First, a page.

Papyrus, p$a-pī'rŭs, an aquatic plant. Papyrus is a straight, tough, tall, reedlike plant that grows in shallow water. Its leaves, which grow from the base of the plant and sheathe the lower part of the stem, reach a height of three to four feet (90 to 120 cm). The stem, which bears no leaves, grows up to 15 feet (4.6 m) high. The flowers are borne in fanlike clusters at the top of the stem. The papyrus plant is native to southern Europe, northern Africa, and Asia Minor.
Throughout the ages papyrus plants have had many uses. They have been planted as ornamentals and used to thatch roofs and build fences. The roots and stems have been eaten as vegetables. The stems have also been used in boatbuilding and to weave rope, baskets, and mats. More notably, however, the stem of the papyrus plant was used in ancient times for paper.
Strips cut lengthwise from the pith of the stem were laid side by side on a flat surface. A second layer was spread at right angles to the first. The sheet thus formed was subjected to pressure and a natural mucilage contained in the pith caused the pieces to adhere. The sheets were then pounded and rubbed to make them smooth. When pasted together end to end, the sheets formed rolls on which books were written.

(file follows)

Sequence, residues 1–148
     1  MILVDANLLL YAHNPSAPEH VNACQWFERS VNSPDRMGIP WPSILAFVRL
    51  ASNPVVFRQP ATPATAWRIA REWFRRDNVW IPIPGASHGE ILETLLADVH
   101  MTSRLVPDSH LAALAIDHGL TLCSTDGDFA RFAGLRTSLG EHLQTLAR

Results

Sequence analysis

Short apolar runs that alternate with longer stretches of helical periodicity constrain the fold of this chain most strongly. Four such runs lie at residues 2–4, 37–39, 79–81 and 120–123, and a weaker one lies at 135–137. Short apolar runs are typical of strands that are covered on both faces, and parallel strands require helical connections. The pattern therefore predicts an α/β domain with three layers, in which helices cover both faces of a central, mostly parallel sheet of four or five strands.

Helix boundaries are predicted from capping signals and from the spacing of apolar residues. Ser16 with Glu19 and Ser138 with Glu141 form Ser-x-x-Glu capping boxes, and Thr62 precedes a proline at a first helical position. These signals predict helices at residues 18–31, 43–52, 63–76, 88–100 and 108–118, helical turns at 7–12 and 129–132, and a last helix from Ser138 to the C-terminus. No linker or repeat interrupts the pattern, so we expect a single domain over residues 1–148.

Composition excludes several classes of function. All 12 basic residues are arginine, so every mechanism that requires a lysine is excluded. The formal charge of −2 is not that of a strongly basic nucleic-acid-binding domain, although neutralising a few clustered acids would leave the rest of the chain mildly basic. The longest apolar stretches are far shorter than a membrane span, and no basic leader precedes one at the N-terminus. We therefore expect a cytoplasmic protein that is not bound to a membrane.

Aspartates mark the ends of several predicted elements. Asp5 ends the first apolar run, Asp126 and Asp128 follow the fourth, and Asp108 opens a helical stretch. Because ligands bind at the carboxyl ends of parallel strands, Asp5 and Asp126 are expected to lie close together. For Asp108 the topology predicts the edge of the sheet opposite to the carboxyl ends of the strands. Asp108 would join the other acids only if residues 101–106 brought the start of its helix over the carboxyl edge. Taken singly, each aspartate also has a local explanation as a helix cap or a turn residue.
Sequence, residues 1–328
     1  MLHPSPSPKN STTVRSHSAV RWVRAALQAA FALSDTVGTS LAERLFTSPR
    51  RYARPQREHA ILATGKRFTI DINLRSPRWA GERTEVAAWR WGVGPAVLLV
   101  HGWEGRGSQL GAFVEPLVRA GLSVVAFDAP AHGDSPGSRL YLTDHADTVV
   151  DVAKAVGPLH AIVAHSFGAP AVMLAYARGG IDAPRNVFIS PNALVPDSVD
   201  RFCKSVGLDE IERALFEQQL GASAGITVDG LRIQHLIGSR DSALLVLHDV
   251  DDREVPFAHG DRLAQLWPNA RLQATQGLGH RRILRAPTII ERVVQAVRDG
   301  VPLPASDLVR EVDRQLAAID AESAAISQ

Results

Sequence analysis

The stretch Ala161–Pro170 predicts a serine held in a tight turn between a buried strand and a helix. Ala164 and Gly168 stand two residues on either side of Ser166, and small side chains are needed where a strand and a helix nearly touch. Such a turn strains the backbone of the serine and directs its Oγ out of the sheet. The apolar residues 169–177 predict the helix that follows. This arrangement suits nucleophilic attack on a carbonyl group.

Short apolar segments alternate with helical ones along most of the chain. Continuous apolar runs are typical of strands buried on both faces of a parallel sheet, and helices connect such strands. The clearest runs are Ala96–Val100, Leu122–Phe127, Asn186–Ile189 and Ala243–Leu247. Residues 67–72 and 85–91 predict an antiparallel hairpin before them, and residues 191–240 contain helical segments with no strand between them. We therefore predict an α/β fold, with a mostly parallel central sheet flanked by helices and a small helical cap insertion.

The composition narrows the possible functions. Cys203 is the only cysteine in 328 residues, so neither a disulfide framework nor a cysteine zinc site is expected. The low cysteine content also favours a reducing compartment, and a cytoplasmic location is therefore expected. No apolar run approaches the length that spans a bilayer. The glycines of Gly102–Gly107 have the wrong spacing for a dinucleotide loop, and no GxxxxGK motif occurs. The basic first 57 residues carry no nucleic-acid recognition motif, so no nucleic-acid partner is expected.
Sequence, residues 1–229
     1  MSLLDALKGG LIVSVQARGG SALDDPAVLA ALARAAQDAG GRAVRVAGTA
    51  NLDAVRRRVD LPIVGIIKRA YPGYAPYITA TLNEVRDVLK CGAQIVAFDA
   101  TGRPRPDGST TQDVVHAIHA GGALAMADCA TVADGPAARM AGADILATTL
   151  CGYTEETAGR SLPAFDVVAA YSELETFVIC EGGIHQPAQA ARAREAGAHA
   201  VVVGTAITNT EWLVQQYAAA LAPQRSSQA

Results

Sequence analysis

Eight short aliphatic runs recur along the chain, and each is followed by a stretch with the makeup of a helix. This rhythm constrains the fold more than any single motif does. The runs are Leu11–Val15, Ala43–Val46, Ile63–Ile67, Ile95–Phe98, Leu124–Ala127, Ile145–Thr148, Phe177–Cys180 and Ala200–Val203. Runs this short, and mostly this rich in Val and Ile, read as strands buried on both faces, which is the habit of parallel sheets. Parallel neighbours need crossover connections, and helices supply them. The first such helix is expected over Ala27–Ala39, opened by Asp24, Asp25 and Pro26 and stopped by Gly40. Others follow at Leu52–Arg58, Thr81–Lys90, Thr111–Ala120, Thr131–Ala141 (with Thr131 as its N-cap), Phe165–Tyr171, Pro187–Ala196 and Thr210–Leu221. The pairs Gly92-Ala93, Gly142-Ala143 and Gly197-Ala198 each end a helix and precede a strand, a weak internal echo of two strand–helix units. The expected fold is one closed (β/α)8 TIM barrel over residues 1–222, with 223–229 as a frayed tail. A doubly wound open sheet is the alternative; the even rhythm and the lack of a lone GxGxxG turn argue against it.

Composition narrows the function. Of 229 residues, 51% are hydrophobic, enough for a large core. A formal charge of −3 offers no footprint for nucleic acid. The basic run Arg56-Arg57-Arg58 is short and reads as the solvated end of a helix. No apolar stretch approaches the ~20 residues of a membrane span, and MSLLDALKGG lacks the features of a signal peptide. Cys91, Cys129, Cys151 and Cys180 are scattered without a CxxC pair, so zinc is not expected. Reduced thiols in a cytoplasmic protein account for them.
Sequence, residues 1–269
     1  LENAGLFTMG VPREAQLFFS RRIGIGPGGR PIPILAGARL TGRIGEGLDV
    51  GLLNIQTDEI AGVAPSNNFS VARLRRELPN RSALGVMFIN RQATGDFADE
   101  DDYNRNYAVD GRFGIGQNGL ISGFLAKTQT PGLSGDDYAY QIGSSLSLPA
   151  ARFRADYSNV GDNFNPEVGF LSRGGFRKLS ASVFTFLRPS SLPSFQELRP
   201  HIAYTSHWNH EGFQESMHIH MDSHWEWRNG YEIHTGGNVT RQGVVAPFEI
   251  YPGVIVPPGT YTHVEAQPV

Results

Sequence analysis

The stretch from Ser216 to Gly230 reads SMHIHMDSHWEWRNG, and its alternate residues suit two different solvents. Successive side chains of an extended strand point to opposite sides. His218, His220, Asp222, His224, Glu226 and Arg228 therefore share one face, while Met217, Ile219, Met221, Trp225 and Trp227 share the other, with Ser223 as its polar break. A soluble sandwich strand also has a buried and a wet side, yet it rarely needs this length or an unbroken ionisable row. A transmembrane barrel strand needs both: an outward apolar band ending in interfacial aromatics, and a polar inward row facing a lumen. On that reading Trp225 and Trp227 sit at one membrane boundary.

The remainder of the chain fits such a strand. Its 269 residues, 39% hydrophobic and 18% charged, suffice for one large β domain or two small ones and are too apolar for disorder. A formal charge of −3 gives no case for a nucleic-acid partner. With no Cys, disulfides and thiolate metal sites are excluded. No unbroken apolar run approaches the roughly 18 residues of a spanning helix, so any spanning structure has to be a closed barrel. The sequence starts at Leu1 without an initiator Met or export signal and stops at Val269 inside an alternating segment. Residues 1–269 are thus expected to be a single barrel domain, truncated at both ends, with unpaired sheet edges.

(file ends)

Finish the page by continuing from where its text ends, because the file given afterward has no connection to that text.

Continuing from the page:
The oldest books known are written on rolls of papyrus. Some Egyptian manuscripts written on papyrus about 4,000 years ago have been found. Greek and Roman manuscripts have also been discovered. Papyrus and, later, parchment made from animal skins were widely used until they were replaced by paper in medieval times. National museums in Cairo, London, and Berlin have large collections of papyrus manuscripts, or papyri.
Although some papyri were found earlier, many thousands were discovered during the 19th and the early 20th century. These manuscripts include business documents, personal letters, music, and literature, and yield a wealth of information to archeologists.
Papyrus is Cyperus papyrus of the sedge family, Cyperaceae.